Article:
Rev. Alex Wilson

  And [the angel] came to her and said, “Greetings, favoured one! The Lord is with you.” But [Mary] was much perplexed by his words and pondered what sort of greeting this might be.” Luke 1: 28-29


The Lord is with you! What a strange greeting in the midst of a chaotic season. All around us is the noise of a world searching for meaning which in many ways is not as disconnected as we might think from the world of Mary in the gospel verse which opens our letter.  

This verse is found in Luke’s account of the Annunciation, which is where the season of Advent starts: the great waiting of nine months for the birth of Christ at the manger, the great interruption of God into the world, the great in-breaking of the kingdom made flesh in Christ. As the world quickens, we are asked to slow down. While the world makes merry, we are asked to ponder in our hearts the mystery of God made human in Christ.  In a world searching for hope in the midst of despair, we proclaim:  The Lord is with you! What a scary prospect in a world full of hopelessness and scarcity. How could the angel be right? How could God even come into this mess?

Like Mary, we are interrupted by hope in our daily lives. When the angel Gabriel came to Mary at the Annunciation, God interrupted Mary’s everyday world with a message of hope so profound it seemed almost impossible. Against all odds, Mary was to have a baby, a child, who was to change the world. Mary’s life went from the normalcy of a young woman to a mother in a heartbeat, a beat which changed the world. It is in this world, where God still remains so active and so intimate with us in everything we do, that His heartbeat is only a touch, a glance, a breath away.  The Lord truly is with us! Often it takes us being interrupted to really feel it, and Advent is all about interruption.

Mary had an idea of where she was going in life. She was betrothed to Joseph. Life made sense, it felt normal. We are not so dissimilar from Mary in the normal we seek or feel in our lives. Society tells us we need to be something, to be of worth to the larger society. At Christmas that awareness becomes very acute. The frenzy of gifts, dinners, parties, expectations, noise…it’s a lot  to take! Like Mary, we can feel perplexed by these mixed messages: a Church which calls us to slow and silence,  in the midst of a world which demands more of what is supposed make us happy.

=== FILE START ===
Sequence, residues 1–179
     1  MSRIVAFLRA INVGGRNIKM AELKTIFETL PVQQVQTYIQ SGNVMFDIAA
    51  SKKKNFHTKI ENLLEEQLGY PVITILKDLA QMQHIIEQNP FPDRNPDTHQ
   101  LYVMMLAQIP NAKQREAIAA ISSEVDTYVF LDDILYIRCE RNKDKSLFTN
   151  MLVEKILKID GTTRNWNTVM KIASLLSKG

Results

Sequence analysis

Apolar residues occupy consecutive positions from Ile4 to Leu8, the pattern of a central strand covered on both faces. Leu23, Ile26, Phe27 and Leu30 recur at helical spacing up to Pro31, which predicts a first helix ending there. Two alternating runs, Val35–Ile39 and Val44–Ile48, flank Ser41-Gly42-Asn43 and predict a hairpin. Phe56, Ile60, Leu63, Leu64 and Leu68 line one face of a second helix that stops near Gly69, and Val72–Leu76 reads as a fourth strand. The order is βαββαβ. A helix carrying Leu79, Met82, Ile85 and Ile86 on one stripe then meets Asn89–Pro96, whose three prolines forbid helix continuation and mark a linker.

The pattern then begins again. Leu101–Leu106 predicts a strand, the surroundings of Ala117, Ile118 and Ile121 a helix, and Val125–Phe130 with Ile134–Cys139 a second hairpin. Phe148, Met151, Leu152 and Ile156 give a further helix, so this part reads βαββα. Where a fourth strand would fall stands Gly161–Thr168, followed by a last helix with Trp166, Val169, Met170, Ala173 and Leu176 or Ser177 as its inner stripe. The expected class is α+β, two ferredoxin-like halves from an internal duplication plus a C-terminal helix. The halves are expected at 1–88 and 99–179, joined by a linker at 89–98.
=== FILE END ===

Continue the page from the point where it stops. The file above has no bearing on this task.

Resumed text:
Every January we make pledges and promises to not do that again, or change this about ourselves. I wonder: what would life be like if we embraced our deepest selves and became aware that we are loved beyond our wildest imaginations as we are today. I wonder how that would change our experience of the manger. Maybe it would bring it closer - into our hearts, our souls, our lives. Because that’s what happened with Mary. She felt the profound love and trust of God’s interruption into her life, and that interruption changed the world. God calls to us, through Mary’s perplexing greeting, to encounter him anew in the manger and be interrupted by His hope. This hope for us is abundant, and there are many ways to experience it this Advent at St. Anselm’s as we prepare for the coming of Christ into our darkness.

With Prayer, Community and Sacrament, we allow a pause and a place for God to interrupt our lives with his hope-filled message of love from the manager. I invite you to consider taking advantage of some of these spiritual practices and sacred events during Advent this year.

A Christmas offering, is one way we reflect on the power of God’s transformative love in our lives. God interrupts our world and changes us, asking us to come deeper into relationship with him so that we can change the world around us. Over this last year we have continued to accept God’s call to go deeper and be interrupted by his love in our midst. Through your generosity you have baptized one new member for God’s universal church.  You are preparing multiple potential candidates for baptism. You are teaching nine children about the love of God in Christ through Sunday school. You are counselling couples as they make their way towards marriage. You are working with other Christian churches to respond to the needs of your neighbourhood. You are giving our university students support and love as they learn and grow into God’s vision for their lives.  You are clothing the naked, feeding the poor, tending the sick, and equipping the saints for ministry in the West Point Grey Neighbourhood of Vancouver. Consider making an offering of yourself this Advent season, the world needs your efforts. 

God calls to you, through Mary and Christ in the manger this Christmas. God loves you beyond any possible imagination and graced you with gifts so precious and unique that the world be ablaze with beauty because of you. God is calling you to life in him through the infant of the manger.  

The Lord is with you! God is here. How will you respond?  

With Blessings,                


Vicar, St. Anselm’s Anglican Church